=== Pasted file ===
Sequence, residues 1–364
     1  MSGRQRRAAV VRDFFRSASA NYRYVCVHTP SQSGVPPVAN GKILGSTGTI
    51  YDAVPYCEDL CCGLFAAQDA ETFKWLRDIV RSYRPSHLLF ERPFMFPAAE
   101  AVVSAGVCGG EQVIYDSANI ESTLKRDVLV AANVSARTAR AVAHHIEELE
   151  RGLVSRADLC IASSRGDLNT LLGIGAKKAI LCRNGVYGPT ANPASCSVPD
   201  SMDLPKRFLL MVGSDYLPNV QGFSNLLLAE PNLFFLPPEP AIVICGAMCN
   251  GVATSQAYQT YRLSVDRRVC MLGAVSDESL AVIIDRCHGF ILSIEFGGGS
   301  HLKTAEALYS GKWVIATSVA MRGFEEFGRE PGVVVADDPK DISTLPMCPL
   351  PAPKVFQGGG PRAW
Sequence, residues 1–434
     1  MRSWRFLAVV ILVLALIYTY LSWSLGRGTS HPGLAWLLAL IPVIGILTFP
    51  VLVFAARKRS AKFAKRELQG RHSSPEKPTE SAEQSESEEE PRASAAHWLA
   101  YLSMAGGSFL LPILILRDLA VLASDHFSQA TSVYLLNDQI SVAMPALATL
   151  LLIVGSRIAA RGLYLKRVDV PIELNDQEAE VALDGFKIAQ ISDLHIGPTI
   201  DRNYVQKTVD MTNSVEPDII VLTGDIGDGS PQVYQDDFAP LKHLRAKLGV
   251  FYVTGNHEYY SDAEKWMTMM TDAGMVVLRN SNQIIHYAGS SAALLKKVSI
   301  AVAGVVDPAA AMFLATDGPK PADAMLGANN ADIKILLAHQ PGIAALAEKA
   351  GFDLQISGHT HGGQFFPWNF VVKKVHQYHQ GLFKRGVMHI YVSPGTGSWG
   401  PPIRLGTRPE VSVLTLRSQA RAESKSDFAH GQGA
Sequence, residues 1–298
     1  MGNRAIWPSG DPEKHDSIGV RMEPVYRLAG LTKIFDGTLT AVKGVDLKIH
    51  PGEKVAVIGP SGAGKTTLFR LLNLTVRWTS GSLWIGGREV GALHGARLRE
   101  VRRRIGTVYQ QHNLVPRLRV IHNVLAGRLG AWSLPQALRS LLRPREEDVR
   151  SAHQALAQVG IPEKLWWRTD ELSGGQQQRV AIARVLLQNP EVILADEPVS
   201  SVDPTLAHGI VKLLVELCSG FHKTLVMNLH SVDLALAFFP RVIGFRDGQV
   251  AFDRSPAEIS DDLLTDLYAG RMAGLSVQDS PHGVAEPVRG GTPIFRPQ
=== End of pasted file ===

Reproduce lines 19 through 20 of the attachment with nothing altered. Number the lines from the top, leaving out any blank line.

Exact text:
   401  PPIRLGTRPE VSVLTLRSQA RAESKSDFAH GQGA
Sequence, residues 1–298